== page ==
Wednesday, February 07, 2024

Sri Lankan Church seeks canonization for Easter attack victims

News - Archdiocese of Colombo

Sri Lankan Catholic Church has moved in for canonization of hundreds of faithful killed in the Easter Sunday bombings in 2019.

A petition seeking canonization for the slain Catholics will be submitted to the Vatican on April 21, exactly five years after the deadly terror attack, church officials say.

"It is expected that a petition will be submitted on April 21st with the signatures of all the faithful to the Vatican to begin the canonization process," said Oblate priest Father Rohan Silva from Archdioceses of Colombo in the national capital.

The date is significant as it falls on the fifth anniversary of the tragedy, Silva said.

Silva, the chairman of the Colombo-based Center for Society and Religion (CSR), earlier filed a petition with the United Nations Human Rights Commission for justice for the victims of Easter Sunday victims.

Sri Lankan Church wants those slain Catholics to be declared “martyrs of faith,” he said.

"They all died for their faith, and there are many martyrs in the church who also died for their faith in God. They are accepted as martyrs, regarded as heroes of the faith,” Silva added.

Suicide bombers allegedly linked to local extremist outfit, National Thowheed Jamath, carried out coordinated attacks on April 21, 2019, targeting three churches and three luxury hotels.

The terror attack left 279 people including 37 foreigners dead and scores injured. Most of the victims were Catholics who flocked to churches to attend Easter Sunday Mass.

Sri Lankan Church has been vocal for justice for the victims and repeatedly dismissed government inquiry reports as biased and untrue, and demanded an impartial international probe to find the truth and to bring to the book the masterminds.

While the church pursues canonization for the Catholic victims, the call for justice will continue, Silva said.

"Justice has not yet been done. We will continue our quest for justice until they reveal the culprits behind the attacks," he added.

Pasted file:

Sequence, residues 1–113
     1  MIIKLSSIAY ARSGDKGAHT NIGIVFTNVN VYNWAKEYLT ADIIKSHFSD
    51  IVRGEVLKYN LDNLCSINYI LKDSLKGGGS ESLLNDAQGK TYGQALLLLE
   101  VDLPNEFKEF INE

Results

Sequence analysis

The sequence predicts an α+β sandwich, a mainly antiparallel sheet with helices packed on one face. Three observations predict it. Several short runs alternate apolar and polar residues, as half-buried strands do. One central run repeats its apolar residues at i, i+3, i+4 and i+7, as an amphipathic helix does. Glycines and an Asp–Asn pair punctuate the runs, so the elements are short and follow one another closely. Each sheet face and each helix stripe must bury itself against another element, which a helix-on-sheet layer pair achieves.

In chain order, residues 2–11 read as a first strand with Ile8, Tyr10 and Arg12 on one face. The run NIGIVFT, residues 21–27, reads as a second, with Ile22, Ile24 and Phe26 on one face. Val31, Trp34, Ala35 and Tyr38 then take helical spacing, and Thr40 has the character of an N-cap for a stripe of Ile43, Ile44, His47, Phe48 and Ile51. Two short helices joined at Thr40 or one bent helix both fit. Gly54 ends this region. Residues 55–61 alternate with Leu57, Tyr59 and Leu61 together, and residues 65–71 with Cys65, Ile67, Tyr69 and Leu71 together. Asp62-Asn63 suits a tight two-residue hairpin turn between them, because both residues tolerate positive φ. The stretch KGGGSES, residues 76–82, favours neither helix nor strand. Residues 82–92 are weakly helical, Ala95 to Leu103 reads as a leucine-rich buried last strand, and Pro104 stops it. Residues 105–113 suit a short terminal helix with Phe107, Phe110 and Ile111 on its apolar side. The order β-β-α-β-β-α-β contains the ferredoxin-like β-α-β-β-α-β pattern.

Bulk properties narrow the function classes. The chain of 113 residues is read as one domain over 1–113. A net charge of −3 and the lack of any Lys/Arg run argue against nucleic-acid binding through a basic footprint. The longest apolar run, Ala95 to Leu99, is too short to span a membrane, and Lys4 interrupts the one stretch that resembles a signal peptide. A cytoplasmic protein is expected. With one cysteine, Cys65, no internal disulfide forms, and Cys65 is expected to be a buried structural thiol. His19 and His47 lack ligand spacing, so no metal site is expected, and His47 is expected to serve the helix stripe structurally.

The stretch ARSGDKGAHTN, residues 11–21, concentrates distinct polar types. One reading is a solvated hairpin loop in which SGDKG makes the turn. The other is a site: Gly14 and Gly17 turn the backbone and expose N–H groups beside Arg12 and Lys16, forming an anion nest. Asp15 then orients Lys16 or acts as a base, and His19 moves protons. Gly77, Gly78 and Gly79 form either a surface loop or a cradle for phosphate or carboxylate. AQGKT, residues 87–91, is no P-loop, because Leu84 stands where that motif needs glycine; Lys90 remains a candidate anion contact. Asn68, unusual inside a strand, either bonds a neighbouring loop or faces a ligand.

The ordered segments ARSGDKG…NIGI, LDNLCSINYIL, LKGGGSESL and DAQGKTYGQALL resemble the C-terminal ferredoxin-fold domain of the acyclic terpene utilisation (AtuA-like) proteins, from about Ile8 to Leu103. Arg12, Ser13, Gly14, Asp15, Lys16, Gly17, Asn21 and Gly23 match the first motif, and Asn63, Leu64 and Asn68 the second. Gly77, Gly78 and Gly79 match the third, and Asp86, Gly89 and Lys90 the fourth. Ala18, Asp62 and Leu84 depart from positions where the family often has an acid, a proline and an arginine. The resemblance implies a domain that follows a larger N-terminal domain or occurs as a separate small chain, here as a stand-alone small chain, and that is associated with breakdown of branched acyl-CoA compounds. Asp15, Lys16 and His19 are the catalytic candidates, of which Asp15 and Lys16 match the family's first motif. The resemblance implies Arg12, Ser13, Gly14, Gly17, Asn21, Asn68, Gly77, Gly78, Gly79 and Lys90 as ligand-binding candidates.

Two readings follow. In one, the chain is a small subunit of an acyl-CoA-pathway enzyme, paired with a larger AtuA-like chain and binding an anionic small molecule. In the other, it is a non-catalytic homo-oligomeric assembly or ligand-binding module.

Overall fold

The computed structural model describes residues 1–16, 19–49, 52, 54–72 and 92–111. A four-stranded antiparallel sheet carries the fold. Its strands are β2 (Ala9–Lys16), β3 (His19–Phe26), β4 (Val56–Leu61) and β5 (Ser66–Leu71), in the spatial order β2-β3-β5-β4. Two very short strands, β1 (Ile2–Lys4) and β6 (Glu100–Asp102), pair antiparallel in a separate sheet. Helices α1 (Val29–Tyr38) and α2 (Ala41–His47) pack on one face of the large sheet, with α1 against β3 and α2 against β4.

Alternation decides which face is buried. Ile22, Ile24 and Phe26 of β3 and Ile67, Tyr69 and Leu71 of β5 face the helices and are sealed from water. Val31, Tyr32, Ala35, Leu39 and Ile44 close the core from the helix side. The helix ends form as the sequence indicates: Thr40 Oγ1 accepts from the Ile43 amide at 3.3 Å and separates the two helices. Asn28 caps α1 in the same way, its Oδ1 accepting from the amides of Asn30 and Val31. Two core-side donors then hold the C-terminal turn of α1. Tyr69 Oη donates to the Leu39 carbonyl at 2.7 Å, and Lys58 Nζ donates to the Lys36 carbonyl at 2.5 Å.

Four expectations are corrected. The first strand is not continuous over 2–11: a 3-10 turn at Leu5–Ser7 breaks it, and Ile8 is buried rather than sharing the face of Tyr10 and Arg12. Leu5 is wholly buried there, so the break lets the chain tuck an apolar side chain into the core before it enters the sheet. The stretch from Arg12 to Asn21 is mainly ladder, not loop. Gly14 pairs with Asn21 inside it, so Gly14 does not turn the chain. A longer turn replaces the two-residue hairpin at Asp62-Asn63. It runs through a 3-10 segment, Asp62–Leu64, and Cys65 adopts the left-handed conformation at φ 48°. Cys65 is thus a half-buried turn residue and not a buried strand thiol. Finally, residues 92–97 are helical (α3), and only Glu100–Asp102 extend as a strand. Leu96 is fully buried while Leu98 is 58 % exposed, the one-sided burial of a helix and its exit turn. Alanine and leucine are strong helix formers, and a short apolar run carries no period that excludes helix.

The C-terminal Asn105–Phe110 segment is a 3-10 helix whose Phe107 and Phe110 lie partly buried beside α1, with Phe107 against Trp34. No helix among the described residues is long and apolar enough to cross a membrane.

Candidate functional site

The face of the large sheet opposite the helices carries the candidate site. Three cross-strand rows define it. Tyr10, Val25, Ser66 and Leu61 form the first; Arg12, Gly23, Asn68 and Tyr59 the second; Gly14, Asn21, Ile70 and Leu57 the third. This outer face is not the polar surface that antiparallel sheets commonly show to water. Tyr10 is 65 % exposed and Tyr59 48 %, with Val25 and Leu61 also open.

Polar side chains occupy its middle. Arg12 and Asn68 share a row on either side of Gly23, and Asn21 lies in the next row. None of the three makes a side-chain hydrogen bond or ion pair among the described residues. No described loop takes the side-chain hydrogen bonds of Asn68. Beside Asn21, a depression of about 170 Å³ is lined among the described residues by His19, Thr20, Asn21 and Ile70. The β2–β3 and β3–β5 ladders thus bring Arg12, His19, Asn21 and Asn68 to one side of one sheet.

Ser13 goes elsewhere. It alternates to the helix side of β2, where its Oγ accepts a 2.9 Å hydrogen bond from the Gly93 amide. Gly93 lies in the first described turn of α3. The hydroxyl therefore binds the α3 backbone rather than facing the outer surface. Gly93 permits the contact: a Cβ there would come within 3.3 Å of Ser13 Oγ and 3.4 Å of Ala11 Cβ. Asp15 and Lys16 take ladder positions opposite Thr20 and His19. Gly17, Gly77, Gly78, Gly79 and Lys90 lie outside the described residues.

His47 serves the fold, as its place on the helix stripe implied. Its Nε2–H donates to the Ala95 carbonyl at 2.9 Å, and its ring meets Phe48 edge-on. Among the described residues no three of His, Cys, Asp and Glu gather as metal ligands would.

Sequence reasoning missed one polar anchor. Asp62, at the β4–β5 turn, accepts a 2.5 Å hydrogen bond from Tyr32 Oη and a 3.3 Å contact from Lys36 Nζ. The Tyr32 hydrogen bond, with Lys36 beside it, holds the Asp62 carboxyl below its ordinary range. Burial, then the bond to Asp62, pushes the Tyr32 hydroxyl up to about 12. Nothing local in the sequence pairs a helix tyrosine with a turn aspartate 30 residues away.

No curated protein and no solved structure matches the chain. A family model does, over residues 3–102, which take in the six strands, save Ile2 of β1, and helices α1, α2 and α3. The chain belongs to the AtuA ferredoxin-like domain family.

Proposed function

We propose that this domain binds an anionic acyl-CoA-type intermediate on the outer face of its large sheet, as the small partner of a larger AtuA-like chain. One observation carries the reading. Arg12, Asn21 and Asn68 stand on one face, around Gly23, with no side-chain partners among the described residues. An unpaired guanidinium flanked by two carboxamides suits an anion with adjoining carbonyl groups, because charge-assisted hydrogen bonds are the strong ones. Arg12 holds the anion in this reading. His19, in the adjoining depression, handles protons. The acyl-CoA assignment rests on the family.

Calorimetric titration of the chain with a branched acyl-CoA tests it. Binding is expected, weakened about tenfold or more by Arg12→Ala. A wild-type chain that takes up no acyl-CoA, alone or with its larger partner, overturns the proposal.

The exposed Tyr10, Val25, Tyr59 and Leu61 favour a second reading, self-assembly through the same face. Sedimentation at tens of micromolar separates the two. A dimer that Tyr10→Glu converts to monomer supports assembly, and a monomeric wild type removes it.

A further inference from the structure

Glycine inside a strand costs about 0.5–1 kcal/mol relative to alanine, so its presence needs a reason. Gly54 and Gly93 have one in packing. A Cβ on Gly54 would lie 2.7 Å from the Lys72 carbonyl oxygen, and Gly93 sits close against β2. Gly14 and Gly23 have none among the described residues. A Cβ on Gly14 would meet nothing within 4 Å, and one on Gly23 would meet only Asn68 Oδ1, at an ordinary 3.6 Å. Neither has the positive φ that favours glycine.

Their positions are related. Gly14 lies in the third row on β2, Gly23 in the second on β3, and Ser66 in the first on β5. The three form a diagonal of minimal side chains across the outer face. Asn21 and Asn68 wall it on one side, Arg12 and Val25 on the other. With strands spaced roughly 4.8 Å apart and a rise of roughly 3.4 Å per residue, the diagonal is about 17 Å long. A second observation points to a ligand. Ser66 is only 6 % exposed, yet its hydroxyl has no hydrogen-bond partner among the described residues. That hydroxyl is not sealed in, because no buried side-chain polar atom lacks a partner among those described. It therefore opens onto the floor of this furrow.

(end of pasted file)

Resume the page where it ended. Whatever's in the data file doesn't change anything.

Sri Lankan authorities came under renewed pressure to reveal the truth behind the terror attack following the release of a documentary by British broadcaster Channel Four on Sept. 4 last year.

The documentary supported a claim by Sri Lankan Church officials that senior government officials played a crucial role in engineering the deadly terrorist attacks on 2019 Easter Sunday.

The documentary was based on the testimony of a whistleblower, who was attached to a Sri Lankan paramilitary group.

He alleged senior officials close to the politically powerful Rajapaksa family facilitated the simultaneous bombings to create a sense of insecurity in the country and return to power on the plank of national security.

Gotabaya Rajapaksa, former defense minister and brother of former president Mahinda Rajapaksa, announced his presidential candidacy days after the attack.

He became the president after winning the national election in 2020. He was forced to resign and go into exile in July 2022 following months of nationwide protests over the worst economic crisis in the island nation.  

Cardinal Malcolm Ranjith of Colombo has been highly critical of the government’s handling of the probe and accused the current administration of President Ranil Wickremesinghe of protecting the masterminds.

During a Mass at St. Sebastian’s Church in Kandana on Jan. 21, Ranjith also hinted at pushing for canonization of Catholics killed in the attack.

"Those who died in churches on April 21, 2019, sacrificed their lives for what they believed. They came to church on that day because they believed in Christ. The first step towards this move will be taken on April 21 this year," Ranjith said.

The family members of the victims have welcomed the church’s move for canonization and reiterated the call for justice.

Sujeewa Anton, a Sunday school teacher who attended Easter Sunday Mass at St. Sebastian’s Church in Negombo, sustained injuries in his left leg when the blast shattered the church’s walls and the rooftop. He recovered after spending two weeks in hospital.

His aunt who was in the same church with her two children was badly hurt and died in a hospital. Her children survived the attack.

“Easter Sunday attack victims are true martyrs for their faith, and they truly sacrificed their lives for the love of Christ," said Anton.

Rights activist Ruwani Fernando says people no longer trust what the government propagates.

Most people believe the suicide bombing was planned to ensure the return of the Rajapaksa family to power, she said.

“Our faithful pray for the martyrs and to uncover the invisible force that manipulated the local group," added Fernando, a Catholic.